Train-Midnight Moon (2001)
Main Menu Audio
Music Video-Drops Of Jupiter - Live Video Version
|Year Of Production||2001|
|Running Time||84:33 (Case: 130)|
|RSDL / Flipper||No/No||Cast & Crew|
|Region Coding||1,2,3,4,5,6||Directed By||Marc Smerling|
|Pan & Scan/Full Frame||None||
English Linear PCM 48/16 2.0 (1536Kb/s)
English Dolby Digital 5.1 (448Kb/s)
|Widescreen Aspect Ratio||1.49:1|
|Video Format||576i (PAL)|
|Original Aspect Ratio||Unknown||Miscellaneous|
|Subtitles||None||Smoking||Yes, during the interviews.|
|Annoying Product Placement||No|
|Action In or After Credits||Yes|
Train's first big success was with the single Meet Virginia. It had minor chart success here in Australia, and featured Rebecca Gayheart in the role of Virginia for the music video. It was a traditional style guitar-rock song. Following that, however, Train largely disappeared from both the Australian consciousness and the airwaves. Given the guitar-rock heritage of Train, it is somewhat ironic that the single that launched them into the stratosphere - hitting number one not only here in Australia, but around the world, including the US - was the extremely Elton John-esque Drops Of Jupiter. Featuring an Elton John style piano line, the resemblance did not end there, as the man responsible for the orchestral score on Drops Of Jupiter was none other than Paul Buckmaster - who has scored numerous Elton John albums, including the recent Songs From The West Coast. If Drops Of Jupiter and Elton John's Levon are played back to back, excluding the different vocal styles, the songs could easily have come from the same album, despite being released almost 30 years apart.
Having said all that, there are many worse things a band could do than copy the style of one of the most successful artists of all time. It could, however, be somewhat of a rude shock to people who buy the Drops Of Jupiter album that the remainder is fully in the normal Train style of guitar rock. In fact, no other track on the album features piano.
As far as the concert is concerned, it presents all bar one song from Drops Of Jupiter, but only five songs from Train (the band's debut album). This is not a bad thing, however, as the songs on Drops Of Jupiter are generally more polished, and represent the band coming to know what a good pop-rock tune is. They perform with honesty and skill - there is no trickery here, just a rock group performing good, solid rock songs. They may not be at Counting Crows level yet, but if they keep working as hard as they obviously are, and keep improving, they may just get there yet.
|1. Program Start|
3. It's About You
4. Meet Virginia
6. Ramble On
7. I Wish You Would
8. She's On Fire
9. I Am
12. Drops Of Jupiter
16. Something More
17. Let It Roll
Presented in the unusual aspect ratio of 1.49:1, the transfer is not 16x9 enhanced.
The transfer is quite soft, looking a lot more like a video image than what DVD is capable of. There is also a high level of grain present, and although mostly restricted to the background it does become painfully obvious on occasion, such as at 6:47-6:50, and 81:04. Shadow detail is quite simply dismal. Anything that is not well lit completely disappears into the murk, and that includes the audience.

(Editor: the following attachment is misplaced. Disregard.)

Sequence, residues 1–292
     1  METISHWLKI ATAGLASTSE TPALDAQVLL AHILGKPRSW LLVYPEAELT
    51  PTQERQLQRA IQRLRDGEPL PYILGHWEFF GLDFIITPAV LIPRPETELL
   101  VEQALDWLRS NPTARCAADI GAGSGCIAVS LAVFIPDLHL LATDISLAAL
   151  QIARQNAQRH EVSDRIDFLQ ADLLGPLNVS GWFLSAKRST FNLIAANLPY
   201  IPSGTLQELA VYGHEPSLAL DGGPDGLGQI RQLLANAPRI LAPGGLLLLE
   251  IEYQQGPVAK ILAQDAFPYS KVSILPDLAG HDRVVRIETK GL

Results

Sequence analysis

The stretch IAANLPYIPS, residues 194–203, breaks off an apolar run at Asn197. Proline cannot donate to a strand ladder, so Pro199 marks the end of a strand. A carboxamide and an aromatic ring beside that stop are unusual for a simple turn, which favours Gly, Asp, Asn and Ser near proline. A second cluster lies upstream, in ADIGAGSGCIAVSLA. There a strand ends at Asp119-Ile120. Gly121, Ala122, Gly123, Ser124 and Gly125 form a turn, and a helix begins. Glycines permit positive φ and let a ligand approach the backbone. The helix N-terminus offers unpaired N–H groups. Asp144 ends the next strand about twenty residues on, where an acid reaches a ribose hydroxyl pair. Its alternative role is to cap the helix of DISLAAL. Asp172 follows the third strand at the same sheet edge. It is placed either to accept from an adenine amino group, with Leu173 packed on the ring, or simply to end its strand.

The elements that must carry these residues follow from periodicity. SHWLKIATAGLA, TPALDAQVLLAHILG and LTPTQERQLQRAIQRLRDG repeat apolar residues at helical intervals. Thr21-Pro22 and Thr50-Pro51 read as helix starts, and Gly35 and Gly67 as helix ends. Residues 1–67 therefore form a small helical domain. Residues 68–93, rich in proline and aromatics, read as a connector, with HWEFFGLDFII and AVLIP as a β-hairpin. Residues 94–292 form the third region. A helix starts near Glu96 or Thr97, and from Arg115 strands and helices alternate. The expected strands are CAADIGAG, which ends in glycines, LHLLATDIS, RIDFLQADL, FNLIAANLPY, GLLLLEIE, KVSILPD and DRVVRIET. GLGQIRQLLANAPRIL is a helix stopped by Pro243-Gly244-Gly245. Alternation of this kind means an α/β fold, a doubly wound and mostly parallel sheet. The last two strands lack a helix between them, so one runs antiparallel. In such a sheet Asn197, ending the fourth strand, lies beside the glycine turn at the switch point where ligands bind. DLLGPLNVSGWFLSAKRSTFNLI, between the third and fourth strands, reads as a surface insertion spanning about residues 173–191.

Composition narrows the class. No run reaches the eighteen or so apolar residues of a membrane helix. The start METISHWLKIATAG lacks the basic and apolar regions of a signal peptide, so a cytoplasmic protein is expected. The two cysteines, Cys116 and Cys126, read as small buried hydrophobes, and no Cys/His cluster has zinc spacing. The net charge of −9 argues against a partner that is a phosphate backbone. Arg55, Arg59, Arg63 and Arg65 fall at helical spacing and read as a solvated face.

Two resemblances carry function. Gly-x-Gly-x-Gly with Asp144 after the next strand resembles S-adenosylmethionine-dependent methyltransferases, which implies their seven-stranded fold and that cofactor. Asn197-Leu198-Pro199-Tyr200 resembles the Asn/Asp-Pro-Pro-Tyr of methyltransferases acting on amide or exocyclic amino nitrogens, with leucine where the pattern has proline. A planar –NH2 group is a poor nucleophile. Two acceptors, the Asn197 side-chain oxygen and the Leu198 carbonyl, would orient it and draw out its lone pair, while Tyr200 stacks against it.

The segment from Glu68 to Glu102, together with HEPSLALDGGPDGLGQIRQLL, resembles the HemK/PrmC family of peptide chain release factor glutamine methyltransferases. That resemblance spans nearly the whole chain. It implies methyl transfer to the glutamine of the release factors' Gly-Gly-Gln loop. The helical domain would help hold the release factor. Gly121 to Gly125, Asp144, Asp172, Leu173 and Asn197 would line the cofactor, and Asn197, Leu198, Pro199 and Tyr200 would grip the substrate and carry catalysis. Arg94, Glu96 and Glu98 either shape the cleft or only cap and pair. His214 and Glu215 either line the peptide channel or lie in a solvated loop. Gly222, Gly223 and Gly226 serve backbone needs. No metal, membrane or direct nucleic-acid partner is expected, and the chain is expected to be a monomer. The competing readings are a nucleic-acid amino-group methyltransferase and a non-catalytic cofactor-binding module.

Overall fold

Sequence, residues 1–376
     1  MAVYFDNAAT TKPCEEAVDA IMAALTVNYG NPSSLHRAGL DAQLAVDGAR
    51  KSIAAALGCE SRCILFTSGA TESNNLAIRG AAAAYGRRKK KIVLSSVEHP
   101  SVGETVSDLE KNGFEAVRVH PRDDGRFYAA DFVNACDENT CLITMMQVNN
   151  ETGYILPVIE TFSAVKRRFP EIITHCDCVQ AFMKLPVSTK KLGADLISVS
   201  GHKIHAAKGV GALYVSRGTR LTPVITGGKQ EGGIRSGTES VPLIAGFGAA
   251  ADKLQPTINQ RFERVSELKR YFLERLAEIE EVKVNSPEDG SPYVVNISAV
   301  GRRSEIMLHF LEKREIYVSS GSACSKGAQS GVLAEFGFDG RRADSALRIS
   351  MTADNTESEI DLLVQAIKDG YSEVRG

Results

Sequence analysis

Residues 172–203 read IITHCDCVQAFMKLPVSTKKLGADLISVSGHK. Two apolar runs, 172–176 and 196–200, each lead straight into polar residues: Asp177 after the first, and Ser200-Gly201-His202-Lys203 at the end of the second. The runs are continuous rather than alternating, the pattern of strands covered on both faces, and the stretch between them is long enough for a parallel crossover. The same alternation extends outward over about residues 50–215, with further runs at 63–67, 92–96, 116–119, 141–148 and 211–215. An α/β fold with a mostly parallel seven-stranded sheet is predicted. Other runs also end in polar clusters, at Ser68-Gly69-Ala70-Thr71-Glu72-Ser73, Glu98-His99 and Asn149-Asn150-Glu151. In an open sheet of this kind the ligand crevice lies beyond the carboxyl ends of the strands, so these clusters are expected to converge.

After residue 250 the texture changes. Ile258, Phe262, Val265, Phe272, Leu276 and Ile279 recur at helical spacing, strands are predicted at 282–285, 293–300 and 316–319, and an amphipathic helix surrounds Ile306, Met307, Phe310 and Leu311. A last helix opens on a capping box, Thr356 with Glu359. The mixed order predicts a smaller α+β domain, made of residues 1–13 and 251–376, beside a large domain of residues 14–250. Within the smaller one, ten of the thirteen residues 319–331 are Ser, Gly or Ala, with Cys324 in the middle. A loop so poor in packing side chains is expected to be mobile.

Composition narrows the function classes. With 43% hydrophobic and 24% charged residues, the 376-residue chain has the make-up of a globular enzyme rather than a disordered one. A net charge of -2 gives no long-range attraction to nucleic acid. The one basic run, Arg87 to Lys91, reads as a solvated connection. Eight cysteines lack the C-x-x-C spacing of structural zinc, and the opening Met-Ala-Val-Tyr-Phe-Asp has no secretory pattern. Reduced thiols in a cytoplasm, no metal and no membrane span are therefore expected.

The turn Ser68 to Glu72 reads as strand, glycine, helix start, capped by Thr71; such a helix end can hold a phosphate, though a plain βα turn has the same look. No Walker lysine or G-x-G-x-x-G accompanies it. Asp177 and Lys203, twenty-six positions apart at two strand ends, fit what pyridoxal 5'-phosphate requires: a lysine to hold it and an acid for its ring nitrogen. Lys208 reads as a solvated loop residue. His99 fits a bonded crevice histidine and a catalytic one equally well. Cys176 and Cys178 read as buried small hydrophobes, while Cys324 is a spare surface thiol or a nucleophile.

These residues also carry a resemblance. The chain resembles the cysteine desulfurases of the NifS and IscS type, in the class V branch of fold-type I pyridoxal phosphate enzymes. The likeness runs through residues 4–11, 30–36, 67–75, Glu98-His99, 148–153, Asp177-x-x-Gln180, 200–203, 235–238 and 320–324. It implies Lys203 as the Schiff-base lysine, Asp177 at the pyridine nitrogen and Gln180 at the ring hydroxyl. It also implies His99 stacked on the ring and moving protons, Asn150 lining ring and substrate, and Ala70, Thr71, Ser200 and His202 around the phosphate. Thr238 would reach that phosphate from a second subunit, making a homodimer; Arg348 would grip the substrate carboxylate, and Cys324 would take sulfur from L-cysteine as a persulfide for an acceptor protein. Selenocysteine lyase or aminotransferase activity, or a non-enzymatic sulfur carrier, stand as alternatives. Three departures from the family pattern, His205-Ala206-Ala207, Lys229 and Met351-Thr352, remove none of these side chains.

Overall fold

The colours are also not very good. They have a slightly unnatural tone to them that makes the entire concert appear not quite real. This could well be to do with the stage lighting, but the overall effect is quite disappointing.
The transfer fares a little better when it comes to artefacts. There are only a very few instances of pixelization, and these coincide with when the grain rises to high levels. There is almost no aliasing at all, with only a few very minor incidents, such as at 41:36 on Charlie's shirt, and at 79:33 on the strings of a guitar. The transfer is mostly free of film artefacts, although a few flecks appear on occasion, such as at 10:41.
There are no subtitles on this disc, so singing along is restricted to fans only.
This is a single layered disc, and therefore no layer change is encountered.
There are two audio tracks present on this disc, being a 48kHz 16 bit Linear PCM 2.0 track, and a 448 Kbps Dolby Digital 5.1 track. There is little difference between the two tracks, as the Dolby 5.1 track concentrates on preserving the stereo imaging, only using the surrounds for crowd ambience. The bass definition on the PCM track is slightly better, although the bass on both tracks is well controlled.
Vocals were always clear and audible. The mixing was good enough, with a fair stereo separation, although early on it did have somewhat of a muted feel that sounded as if the band were playing in the next room. This clears up after the first couple of tracks, but is somewhat disconcerting while it lasts. The music levels were always appropriate, never drowning out the vocals, and on the 5.1 track the crowd noise was used quite sparingly, which is a nice change.
There were no problems with audio sync during the transfer.
The surround and subwoofer usage was quite restrained on the 5.1 track. The result is that the PCM track gives a slightly better concert experience, although those that really need to use the 5.1 track will not be too disadvantaged.
|Surround Channel Use|
NOTE: To view non-R4 releases, your equipment needs to be multi-zone compatible and usually also NTSC compatible.
|DVD||Pioneer DV-535, using Component output|
|Display||Loewe Xelos 5381ZW. Calibrated with Video Essentials. This display device is 16x9 capable.|
|Audio Decoder||Built in to amplifier/receiver. Calibrated with Video Essentials.|
|Amplification||Onkyo TX-DS787, THX Select|
|Speakers||All matching Vifa Drivers: centre 2x6.5" + 1" tweeter (d'appolito); fronts and rears 6.5" + 1" tweeter; centre rear 5" + 1" tweeter; sub 10" (150WRMS)|